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  • Print publication year: 2011
  • Online publication date: September 2011

2 - International taxation: policy and law



The national income tax systems of developed countries and principles of tax jurisdiction were shaped in the early years of the twentieth century when their economies were relatively independent and closed. Before World War I income taxes were not used extensively in developed countries and most enterprises restricted operations to their domestic markets, with international trade and investment being limited and heavily regulated. Nevertheless, cross-border investment and commerce were growing, and, in response, countries entered into bilateral tax treaties (tax treaties) with other countries to overcome the double taxation arising from international trade and investment. The network of tax treaties expanded significantly following the development of a model tax treaty by the League of Nations in the 1920s, based on the principles, policies and concepts of the inter-war period. International taxation comprises national tax systems and a network of tax treaties.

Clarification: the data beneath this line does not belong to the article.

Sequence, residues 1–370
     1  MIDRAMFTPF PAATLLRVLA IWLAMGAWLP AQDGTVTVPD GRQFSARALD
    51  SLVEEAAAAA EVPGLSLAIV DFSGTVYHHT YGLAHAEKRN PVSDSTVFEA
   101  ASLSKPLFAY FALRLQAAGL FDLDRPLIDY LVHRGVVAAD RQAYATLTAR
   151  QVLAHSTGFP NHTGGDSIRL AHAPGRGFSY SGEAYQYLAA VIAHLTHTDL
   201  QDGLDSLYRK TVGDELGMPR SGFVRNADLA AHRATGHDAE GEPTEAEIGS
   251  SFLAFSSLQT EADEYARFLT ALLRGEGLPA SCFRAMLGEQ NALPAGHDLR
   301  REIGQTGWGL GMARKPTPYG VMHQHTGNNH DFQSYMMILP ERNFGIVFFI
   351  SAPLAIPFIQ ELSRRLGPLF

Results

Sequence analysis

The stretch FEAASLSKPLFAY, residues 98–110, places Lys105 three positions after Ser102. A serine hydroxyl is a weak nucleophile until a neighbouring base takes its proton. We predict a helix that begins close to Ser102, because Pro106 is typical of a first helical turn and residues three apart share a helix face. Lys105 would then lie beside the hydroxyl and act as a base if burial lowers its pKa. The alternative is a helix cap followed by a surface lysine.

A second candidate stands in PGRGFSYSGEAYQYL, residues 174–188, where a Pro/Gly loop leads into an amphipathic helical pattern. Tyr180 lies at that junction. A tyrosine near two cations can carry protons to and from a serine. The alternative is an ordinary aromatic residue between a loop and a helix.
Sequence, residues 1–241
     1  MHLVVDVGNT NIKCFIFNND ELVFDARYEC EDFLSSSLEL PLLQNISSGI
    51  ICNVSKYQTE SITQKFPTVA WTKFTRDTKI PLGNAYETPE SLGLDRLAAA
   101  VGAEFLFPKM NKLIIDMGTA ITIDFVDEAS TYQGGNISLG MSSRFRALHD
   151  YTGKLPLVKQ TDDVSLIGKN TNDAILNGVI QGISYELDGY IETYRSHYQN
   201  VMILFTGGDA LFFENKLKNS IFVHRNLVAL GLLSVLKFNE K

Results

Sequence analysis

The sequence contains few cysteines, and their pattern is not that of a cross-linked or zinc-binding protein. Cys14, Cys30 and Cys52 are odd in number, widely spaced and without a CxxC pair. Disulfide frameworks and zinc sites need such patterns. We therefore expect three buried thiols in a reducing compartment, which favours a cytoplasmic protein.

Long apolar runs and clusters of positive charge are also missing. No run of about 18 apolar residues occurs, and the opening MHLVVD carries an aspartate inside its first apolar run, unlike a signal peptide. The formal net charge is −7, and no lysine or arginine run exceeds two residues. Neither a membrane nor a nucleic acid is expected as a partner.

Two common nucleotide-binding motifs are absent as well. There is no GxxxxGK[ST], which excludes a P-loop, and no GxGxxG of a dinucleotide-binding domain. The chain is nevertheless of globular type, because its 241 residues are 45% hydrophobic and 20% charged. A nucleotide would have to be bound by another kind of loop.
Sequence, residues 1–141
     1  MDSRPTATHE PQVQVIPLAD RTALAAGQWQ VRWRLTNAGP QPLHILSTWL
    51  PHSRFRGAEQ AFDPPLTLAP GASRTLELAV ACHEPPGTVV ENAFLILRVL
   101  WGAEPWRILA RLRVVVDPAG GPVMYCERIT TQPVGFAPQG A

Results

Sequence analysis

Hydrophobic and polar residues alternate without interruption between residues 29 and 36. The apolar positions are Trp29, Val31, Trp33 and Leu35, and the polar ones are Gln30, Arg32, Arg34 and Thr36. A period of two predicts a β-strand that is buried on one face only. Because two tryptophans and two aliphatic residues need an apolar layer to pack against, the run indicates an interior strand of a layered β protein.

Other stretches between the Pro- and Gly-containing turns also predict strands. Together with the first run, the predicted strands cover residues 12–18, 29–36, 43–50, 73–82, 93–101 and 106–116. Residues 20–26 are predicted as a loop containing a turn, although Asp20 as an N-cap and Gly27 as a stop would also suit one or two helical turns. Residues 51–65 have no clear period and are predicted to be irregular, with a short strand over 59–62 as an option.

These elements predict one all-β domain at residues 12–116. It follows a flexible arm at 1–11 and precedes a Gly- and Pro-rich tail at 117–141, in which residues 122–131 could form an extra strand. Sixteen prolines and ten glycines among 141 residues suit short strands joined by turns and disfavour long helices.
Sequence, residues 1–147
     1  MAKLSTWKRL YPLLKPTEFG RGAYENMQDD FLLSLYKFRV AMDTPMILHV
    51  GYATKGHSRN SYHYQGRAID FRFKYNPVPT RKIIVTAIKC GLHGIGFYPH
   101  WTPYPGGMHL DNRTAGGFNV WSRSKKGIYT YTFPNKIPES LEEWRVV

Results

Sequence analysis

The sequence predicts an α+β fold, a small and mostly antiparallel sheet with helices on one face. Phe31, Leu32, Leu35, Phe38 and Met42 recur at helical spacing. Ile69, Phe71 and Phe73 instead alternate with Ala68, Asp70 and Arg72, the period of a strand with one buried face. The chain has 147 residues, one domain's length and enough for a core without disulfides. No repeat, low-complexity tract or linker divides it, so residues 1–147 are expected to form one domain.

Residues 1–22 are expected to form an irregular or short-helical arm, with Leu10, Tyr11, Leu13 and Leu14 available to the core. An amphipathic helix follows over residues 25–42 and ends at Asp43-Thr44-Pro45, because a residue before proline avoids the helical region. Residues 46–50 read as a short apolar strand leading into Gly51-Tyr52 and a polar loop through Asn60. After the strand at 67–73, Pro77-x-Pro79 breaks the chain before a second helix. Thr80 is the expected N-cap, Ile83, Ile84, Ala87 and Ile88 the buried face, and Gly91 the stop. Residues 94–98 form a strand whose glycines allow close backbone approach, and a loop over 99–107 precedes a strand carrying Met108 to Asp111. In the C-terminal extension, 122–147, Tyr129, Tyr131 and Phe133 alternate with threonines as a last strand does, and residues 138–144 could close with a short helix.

While enterprises have globalized, and operate as integrated international businesses, tax authorities typically operate independently with some international cooperation measures, such as information exchange. Many international enterprises have acted deliberately to limit information they provide to tax authorities in the jurisdictions in which they operate, which may prevent tax authorities from having full knowledge about the operations of enterprises. Even though tax treaties contain exchange of information measures, these measures are still underused by tax authorities. Developments in international taxation have not reflected the significant changes in the international trade system that have occurred since the end of World War II. Globalization has created an integrated international economy, and the implications of this change are profound. International enterprises may engage in worldwide tax planning, but at times, the tax planning may amount to tax avoidance. This situation reflects the significant imbalance of power between international enterprises and national tax authorities.

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